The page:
Panasonic’s new G100 has a slightly different design and appearance than the rest of its Micro Four Thirds lineup. As with other slim, compact Lumix cameras, the dimensions of this camera are very compact. Nevertheless, the camera’s design is more classic, with a centered, built-in EVF, much like Panasonic’s larger Micro Four Thirds cameras. It is indeed a very compact and lightweight camera.
While the construction appears to be primarily composed of polycarbonate plastic rather than the rugged magnesium alloy used in higher-end Lumix cameras, the G100 nonetheless feels very solid in the hand. It feels intuitive to use.
Even though it’s designed for vloggers, the G100’s 20.3MP Live MOS sensor captures vivid, detailed still images with punchy colors. The camera can also shoot RAW files and 10fps burst-mode JPEGs. Lumix’s 4K Photo mode allows you to record clips in 4K and select 8MP JPEGs if you really need to freeze the action. With phones and other smaller sensors, taking pictures in low light can be challenging.
You’ll get better results with the G100. Hybrid 5-axis IS makes it possible to take usable images up to ISO 3200 and with slower shutter speeds (only with compatible lenses). Additionally, it comes with a pop-up flash for night portraits and parties.
With regard to performance features, the G100 offers several quick burst shooting options. Additionally, the G100 supports 8MP stills at 30fps with 4K PHOTO modes. The G100 offers fairly modest continuous shooting rates for full-resolution photos. However, it does support either AF-C or AF-S with its electronic shutter, so it can still produce up to a respectable 10 frames per second.
When using the Electronic Front Curtain (there is no mechanical shutter mode), you can only get 6 frames per second with both AF-S and AF-C. If you want to shoot continuously in Live View, the fastest bursts the camera offers to drop to just 4 frames per second in either focusing mode or shutter mode. Using a UHS I Speed Class 3 SD card; the camera is capable of “over 480 images” when using a JPEG image.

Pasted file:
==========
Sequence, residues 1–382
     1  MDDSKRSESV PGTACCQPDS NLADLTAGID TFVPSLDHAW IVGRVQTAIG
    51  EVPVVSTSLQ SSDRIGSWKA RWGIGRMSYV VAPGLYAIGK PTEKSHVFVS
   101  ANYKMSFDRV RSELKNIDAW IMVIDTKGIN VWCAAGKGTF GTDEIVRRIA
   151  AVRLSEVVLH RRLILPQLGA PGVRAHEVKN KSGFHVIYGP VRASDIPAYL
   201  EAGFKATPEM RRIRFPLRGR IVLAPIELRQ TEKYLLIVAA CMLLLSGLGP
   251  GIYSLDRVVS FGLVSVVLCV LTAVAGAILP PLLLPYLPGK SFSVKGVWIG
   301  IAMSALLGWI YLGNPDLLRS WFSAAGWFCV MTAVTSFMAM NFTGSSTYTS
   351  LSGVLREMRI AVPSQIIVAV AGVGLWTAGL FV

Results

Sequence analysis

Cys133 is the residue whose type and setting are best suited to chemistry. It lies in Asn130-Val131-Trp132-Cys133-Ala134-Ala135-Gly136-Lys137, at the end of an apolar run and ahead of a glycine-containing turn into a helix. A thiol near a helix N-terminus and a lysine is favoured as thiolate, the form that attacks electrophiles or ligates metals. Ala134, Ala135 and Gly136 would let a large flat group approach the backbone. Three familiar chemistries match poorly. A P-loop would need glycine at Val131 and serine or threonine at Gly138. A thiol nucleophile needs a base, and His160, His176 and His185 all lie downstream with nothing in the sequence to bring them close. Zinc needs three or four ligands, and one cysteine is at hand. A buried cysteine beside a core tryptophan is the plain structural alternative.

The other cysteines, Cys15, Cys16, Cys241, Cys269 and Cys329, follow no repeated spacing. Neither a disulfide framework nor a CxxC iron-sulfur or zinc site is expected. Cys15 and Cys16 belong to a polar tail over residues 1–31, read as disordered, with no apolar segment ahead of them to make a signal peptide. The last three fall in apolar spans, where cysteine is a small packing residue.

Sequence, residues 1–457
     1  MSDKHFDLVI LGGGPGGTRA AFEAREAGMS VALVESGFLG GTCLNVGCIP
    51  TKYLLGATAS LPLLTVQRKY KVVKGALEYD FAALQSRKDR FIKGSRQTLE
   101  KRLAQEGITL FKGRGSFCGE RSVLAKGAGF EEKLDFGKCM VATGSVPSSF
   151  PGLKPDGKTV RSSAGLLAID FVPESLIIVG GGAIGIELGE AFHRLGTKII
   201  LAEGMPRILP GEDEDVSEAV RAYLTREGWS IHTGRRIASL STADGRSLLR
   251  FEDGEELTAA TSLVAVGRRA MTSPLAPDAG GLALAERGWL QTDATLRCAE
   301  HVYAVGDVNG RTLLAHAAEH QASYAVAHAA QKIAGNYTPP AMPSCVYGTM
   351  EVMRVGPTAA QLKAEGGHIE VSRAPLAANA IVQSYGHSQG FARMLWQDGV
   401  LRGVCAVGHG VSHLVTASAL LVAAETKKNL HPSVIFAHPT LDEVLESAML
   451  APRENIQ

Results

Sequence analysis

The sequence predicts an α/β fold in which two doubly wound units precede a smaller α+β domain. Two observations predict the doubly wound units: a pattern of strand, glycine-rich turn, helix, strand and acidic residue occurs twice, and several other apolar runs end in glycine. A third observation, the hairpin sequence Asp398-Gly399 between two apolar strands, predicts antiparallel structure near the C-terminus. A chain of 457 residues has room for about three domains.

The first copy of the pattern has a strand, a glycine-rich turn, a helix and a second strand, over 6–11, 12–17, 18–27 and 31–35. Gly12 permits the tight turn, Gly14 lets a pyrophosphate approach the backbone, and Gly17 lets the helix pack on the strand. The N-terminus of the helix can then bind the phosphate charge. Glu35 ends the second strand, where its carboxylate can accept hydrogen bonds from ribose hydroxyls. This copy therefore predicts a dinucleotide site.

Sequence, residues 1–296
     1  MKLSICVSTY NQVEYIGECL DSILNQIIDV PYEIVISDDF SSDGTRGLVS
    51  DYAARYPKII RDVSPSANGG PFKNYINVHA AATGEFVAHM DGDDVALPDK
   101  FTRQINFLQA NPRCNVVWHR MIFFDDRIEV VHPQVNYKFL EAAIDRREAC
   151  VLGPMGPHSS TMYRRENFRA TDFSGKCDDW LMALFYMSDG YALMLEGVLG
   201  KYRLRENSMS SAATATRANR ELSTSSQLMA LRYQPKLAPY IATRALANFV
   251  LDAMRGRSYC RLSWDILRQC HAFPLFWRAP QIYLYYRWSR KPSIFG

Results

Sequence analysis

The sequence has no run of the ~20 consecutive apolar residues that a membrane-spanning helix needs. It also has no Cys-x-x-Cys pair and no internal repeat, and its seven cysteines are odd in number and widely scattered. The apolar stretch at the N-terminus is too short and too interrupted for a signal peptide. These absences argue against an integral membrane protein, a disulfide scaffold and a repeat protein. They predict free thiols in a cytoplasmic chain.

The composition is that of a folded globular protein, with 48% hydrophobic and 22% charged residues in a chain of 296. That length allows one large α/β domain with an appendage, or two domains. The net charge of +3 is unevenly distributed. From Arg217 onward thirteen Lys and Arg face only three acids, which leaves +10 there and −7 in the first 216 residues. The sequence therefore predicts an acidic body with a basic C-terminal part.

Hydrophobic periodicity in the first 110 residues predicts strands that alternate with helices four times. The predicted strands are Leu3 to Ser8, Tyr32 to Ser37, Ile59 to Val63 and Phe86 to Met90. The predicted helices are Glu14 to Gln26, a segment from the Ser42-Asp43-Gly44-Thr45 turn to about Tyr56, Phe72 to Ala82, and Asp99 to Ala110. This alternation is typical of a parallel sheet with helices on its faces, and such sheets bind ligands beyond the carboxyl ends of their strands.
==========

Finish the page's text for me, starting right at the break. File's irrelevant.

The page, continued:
Internal recording with the G100 has a 4K resolution up to 30p, a color depth of 8 bits, and a sampling rate of 4:2:0, and Full HD with a resolution up to 60p. In addition, external Full HD recording is available via micro-HDMI with 4:2:2 sampling and 8-bit color depth.
The V-Log L profile is pre-installed and captures a flat, neutral gamma curve useful in grading, along with a LUT for better color grading control.
Additionally, 4x, 2x, and 8x slow-motion settings and 8x, 4x, and 2x quick-motion settings can be used with Full HD recording, and Time Lapse and Stop Motion settings can be applied to recording subjects as they transform over time. For improved external audio capture, a 3.5mm microphone input is provided.
In addition to using the camera’s video recording capabilities, multiple still-shooting modes are available to capture continuous 8MP stills at 30 frames per second:
Pre-Burst: When you’re not sure when to press the shutter button, you can use this mode to record 60 images one second prior to and one second after pressing the shutter button, giving you the option to choose which frames to use.
Burst: This mode enables you to continuously record, making it suitable for situations in which a high frame rate is needed to capture the best moment.
Burst (S/S): This mode simulates the video recording process by allowing you to playback your video, pausing when you want, selecting a frame from the video, and saving it as a single 8MP image.
3. Olympus OMD-EM-10-Mark-IV Mirrorless Digital Camera
Build Quality and Handling:
Due to its magnesium alloy body, the E-M10 Mark IV feels impressively robust and solid straight out of the box despite being the most affordable camera in the Olympus OM-D lineup. With dimensions of 121.7 x 84.6 x 49mm, the camera weighs in at 383g including the included memory card and battery.
EM10 IV’s handgrip is sculpted to fit naturally to the right forefinger, and it has a slightly larger diameter than its predecessors. While it’s a subtle adjustment rather than a revolutionary one, it does make it easier to hold steady when shooting handheld. The thumb grip on the rear is helpful in this regard.